More nuclear power problems in Japan

March 14, 2011

By the Associated Press

(Getty/DigitalGlobe)
The Fukushima II Dai Ni Nuclear Power plant after an earthquake and subsequent tsunami on March 13, 2011 in Naraha, Japan.
(AP Photo/The Yomiuri Shimbun, Daisuke Tomita)
A boy has his radiation level checked in Japan Sunday morning after being evacuated.

There are fears of a third potential explosion at a nuclear plant in northeast Japan following Friday's earthquake and tsunami.

Officials say the fuel rods in one reactor were fully exposed after it lost its ability to cool down. Sea water is being pumped on the rods to cool them down and prevent another explosion.

Earlier Monday, a hydrogen explosion at another reactor at the same plant sent a massive cloud of smoke into the air. Eleven workers were injured. On Saturday, a third nuclear reactor at the plant exploded, injuring four workers and causing mass evacuations. Much of the reactor's outer building was destroyed.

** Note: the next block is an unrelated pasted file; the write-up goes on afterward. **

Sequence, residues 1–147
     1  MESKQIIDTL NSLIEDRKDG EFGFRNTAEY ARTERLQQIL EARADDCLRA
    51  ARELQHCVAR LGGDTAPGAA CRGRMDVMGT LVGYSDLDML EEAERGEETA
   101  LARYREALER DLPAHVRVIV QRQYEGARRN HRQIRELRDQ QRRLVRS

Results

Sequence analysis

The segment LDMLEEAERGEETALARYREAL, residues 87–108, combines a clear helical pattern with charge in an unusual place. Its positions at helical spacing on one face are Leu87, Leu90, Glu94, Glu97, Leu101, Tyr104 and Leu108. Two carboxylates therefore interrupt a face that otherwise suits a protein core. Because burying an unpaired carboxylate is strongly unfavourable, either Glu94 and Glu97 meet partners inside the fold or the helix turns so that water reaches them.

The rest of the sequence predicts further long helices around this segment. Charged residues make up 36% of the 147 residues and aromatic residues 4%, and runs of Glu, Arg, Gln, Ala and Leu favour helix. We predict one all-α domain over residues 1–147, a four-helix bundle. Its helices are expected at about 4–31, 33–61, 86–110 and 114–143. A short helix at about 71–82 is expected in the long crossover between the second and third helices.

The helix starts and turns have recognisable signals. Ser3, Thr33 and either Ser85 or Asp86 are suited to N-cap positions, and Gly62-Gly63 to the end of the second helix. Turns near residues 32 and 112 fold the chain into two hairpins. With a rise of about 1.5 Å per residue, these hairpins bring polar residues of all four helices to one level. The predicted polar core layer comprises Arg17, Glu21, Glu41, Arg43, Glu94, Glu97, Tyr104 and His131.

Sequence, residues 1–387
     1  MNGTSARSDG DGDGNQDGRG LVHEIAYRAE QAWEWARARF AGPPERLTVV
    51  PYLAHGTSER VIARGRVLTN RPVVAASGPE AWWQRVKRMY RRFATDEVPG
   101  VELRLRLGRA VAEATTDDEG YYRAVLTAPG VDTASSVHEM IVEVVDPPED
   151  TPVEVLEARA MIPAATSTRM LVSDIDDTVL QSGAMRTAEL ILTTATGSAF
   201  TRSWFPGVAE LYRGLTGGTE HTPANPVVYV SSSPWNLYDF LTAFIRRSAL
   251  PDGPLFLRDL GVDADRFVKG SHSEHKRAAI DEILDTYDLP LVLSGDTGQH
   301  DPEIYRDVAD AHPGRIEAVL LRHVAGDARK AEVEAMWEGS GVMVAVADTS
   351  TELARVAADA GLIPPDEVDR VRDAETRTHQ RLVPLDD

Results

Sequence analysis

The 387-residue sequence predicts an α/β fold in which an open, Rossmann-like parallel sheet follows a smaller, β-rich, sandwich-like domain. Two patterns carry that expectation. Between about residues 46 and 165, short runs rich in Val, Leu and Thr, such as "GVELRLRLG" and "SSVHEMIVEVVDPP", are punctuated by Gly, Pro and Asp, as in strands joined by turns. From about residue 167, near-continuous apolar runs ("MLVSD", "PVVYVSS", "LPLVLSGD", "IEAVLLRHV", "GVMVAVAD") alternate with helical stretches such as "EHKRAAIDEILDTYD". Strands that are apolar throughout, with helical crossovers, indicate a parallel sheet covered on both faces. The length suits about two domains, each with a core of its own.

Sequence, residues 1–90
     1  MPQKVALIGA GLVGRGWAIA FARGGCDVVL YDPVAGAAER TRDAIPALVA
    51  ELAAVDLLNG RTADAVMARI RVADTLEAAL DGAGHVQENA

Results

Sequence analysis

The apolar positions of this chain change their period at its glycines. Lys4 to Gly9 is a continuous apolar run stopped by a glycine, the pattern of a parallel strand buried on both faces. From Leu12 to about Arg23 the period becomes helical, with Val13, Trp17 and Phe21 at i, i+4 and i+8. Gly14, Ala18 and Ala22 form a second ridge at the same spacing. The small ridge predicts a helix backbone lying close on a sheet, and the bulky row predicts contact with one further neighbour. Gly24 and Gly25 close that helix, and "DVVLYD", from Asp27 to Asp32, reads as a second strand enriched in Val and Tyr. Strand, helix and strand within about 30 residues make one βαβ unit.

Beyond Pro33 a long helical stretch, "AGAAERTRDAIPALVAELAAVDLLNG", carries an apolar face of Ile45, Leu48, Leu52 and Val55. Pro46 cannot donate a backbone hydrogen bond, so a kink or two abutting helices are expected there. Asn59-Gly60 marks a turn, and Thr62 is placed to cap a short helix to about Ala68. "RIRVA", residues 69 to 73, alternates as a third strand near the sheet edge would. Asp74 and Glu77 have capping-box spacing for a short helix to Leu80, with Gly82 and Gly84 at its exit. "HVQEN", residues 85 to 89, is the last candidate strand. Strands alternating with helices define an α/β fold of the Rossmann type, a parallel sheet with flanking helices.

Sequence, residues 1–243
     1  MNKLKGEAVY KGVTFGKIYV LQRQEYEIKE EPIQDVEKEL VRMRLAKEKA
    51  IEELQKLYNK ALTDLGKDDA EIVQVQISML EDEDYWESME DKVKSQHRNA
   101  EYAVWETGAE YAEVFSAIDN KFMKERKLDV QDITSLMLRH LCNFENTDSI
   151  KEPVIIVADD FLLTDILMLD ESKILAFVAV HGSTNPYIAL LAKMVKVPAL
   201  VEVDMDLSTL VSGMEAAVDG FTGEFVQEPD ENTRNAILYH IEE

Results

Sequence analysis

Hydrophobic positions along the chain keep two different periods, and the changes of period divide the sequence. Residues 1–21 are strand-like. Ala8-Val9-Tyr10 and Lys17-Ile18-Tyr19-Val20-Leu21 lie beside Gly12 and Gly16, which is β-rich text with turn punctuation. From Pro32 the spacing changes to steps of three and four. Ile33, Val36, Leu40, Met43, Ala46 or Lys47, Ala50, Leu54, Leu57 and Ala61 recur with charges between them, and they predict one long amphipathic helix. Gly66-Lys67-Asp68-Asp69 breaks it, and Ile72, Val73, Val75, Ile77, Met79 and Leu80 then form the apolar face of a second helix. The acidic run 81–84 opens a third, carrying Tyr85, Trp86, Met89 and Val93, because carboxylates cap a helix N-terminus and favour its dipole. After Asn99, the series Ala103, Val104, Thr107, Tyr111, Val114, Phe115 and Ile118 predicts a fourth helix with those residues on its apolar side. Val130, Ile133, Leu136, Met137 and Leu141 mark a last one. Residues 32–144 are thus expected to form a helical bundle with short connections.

Seventeen U.S. military personnel involved in helicopter relief missions were found to have been exposed to low levels of radiation upon returning to the USS Ronald Reagan, an aircraft carrier about 100 miles offshore.

U.S. officials say the exposure level was roughly equal to one month's normal exposure in the environment. The 17 were scrubbed with soap and water, and were declared contamination-free. But as a precaution, the carrier and other U.S. 7th Fleet ships have shifted to another area.

Meanwhile, stocks are headed for a lower opening as investors assess the economic fallout of a massive earthquake in Japan. The devastating earthquake and tsunami along Japan's northeast coast killed thousands of people and led to what is expected to be billions in dollars of damage. That raised fears of an economic slowdown in the world's third-largest economy.

Oil prices fell $1.59 to $99.57 a barrel Monday, and Japan's central bank pumped a record $184 billion into money market accounts to encourage bank lending.

In the U.S., Warren Buffett's Berkshire Hathaway Inc. said it would purchase chemical company Lubrizol for $9 billion in cash.